LINCOLN — With crossed fingers, the Nebraska School Activities Association announced Monday it intends to go ahead with fall sports.
First practices for football, volleyball, cross country, girls golf, boys tennis and softball are set to begin Aug. 10. First contests in some sports are Aug. 20.
“As long as the governor’s office, the Department of Education and local health departments are saying it’s safe to do so, we’re going to try to move forward as best we can, and if that’s still the case come August, we’re going to try to go ahead," NSAA Executive Director Jay Bellar told The World-Herald on Monday. “I wanted to get something out there so people at least can start planning.”
Bellar said the decision came from his office, with the NSAA board of directors aware of it. In March when the pandemic was beginning, the board authorized Bellar and the NSAA staff to be decision-makers during the outbreak.
Among the reasons for going ahead with sports, he said, is the governor’s office and NDE advocating for in-person learning when schools open in August. He acknowledged the NSAA is aware the teachers unions in the state’s two largest school districts, Omaha and Lincoln, are opposed to in-person learning this fall.
The Omaha Education Association, which represents 2,800 Omaha Public Schools staff members, issued a statement Friday asking for a remote learning environment when school resumes in August. The statement specifically cited the number of students involved in extra-curricular activities testing positive for COVID-19 as a reason to continue with safety measures outlined by medical experts.
Bellar said since no one knows what the health conditions a month from now could be, the NSAA could have to back up, but that’s better “than saying right away that we can’t do something.”
As of Monday, Nebraska had 26 counties with no new COVID-19 cases in the past 14 days and 16 had one each. The state joins Iowa, North Dakota, South Dakota and Missouri going ahead with fall sports. Kansas is considering starting late. Colorado has submitted a return-to-play plan to its governor.
Last week Bellar and Nate Neuhaus, an NSAA assistant director, met with football coaches from around Omaha. Plenty of what-ifs were brought up.
“They just want to play football and they're willing to do what we have to do to get it done," Bellar said.
What happens if a team member in any sport tests positive for COVID-19? Is one case enough to quarantine the entire team? Bellar said local health departments are talking to each other and he hopes a statewide standard is a result.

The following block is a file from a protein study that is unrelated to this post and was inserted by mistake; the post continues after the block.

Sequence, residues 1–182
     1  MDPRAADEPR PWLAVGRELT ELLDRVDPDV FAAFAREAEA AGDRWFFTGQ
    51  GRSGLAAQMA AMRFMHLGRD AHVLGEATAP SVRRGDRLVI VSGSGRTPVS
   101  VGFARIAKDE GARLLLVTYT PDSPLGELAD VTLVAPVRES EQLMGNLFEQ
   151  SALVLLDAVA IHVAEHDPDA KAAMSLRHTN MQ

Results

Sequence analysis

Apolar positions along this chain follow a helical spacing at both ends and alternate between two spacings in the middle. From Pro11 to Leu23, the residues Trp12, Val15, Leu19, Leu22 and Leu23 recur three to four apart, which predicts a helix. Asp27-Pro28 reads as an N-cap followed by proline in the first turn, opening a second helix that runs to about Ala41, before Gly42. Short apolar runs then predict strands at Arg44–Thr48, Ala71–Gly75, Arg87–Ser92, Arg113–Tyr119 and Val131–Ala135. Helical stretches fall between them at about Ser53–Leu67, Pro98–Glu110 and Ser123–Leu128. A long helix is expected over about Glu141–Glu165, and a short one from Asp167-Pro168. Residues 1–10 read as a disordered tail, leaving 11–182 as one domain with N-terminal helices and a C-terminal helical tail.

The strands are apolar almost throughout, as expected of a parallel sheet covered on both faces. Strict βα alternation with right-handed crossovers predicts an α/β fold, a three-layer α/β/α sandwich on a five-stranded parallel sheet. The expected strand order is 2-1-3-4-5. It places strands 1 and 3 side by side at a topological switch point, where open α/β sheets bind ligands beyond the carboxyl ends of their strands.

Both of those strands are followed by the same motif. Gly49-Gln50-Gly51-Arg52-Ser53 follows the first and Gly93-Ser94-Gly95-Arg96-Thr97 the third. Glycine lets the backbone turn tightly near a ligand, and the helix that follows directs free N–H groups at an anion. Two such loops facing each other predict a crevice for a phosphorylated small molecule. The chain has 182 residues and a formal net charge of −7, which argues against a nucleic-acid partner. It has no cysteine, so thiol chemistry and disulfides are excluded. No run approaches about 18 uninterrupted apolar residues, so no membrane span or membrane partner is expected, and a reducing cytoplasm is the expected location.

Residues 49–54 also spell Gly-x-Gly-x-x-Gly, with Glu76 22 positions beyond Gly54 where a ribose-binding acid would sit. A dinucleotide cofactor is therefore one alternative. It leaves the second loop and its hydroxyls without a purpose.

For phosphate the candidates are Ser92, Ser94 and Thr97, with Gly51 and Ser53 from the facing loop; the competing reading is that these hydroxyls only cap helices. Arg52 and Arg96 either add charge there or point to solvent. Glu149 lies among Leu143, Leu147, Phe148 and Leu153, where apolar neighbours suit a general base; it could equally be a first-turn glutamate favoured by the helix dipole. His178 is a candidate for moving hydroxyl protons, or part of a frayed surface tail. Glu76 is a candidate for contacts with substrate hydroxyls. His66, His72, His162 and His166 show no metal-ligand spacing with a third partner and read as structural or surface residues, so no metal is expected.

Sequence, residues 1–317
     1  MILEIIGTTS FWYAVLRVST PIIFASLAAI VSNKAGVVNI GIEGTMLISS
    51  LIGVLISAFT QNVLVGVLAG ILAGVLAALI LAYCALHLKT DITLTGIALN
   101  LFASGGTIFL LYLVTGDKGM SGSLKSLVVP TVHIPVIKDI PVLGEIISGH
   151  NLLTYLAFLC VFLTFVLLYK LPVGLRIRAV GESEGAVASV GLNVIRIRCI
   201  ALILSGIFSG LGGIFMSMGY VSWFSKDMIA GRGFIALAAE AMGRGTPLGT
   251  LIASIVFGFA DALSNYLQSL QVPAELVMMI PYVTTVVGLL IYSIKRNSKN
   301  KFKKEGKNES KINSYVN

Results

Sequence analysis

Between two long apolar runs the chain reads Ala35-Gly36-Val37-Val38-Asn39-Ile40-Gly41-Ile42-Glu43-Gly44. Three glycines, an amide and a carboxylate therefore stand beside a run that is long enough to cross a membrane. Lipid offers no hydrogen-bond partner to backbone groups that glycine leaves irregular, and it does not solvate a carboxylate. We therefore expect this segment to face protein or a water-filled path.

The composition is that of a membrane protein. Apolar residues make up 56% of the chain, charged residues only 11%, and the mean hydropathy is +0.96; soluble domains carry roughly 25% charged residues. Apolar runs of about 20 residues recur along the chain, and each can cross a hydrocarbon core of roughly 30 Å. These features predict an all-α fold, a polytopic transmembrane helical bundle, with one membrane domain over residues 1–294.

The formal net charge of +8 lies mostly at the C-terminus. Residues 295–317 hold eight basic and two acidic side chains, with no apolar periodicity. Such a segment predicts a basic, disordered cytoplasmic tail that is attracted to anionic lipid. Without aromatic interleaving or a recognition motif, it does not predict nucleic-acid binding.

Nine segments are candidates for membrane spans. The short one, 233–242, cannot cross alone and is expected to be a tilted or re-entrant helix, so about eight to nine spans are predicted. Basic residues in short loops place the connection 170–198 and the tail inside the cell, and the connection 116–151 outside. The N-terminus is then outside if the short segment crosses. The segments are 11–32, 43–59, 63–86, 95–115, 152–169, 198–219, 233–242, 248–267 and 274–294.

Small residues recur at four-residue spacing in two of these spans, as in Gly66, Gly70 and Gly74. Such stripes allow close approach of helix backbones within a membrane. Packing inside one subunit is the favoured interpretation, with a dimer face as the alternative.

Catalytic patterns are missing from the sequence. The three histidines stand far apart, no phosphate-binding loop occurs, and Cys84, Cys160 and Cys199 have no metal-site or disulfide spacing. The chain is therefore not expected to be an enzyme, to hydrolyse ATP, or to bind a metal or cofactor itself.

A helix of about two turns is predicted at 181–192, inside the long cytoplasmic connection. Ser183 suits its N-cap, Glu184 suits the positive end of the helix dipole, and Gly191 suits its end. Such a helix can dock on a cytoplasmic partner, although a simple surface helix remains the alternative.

“We use the example of if Grand Island Northwest was going to play Skutt, and they’re in different health department (districts), what criteria would we use to make sure of an equal playing field when they do that," Bellar said. “They say if people are wearing masks when they're not competing, and if they're doing the social distancing and following all the guidelines, contact tracing goes a lot faster and it’s a lot easier on teams and they don't have to sit out the whole team.”
He said the NSAA wants, and financially needs, to have state championships. Some state associations such as California and Michigan have unveiled nontraditional championship schedules.
“To say we're going to let (schools) do stuff and not have a championship, that makes me a little nervous because I don't know how long (the NSAA) could survive," he said. “I just hope we can have something for our kids because I think you look at the other side, the social and emotional health of young kids, and boy, this is a blow to them.
“We might think that's not a big deal but I really do think it is. But I know our ultimate goal on the other side, too, is that COVID can be awfully dangerous and we don't want to put kids in more risk than we have to.”
In Monday’s announcement, the NSAA said: “To be able to start our activities on time we must be leaders when it comes to best practice, it is a recommendation of the NSAA that schools should keep all activities, practices, and scrimmages in-house to avoid interaction with other teams; wear masks when not in competition; keep groups small and attendance recorded; wash your hands regularly; disinfect equipment regularly; stay home if you don’t feel well; and stay home if someone in your household tests positive for COVID-19.
“Our ultimate goal is to return to school to have a full, productive, healthy season and create a great experience for our students. Please, help us achieve this goal.”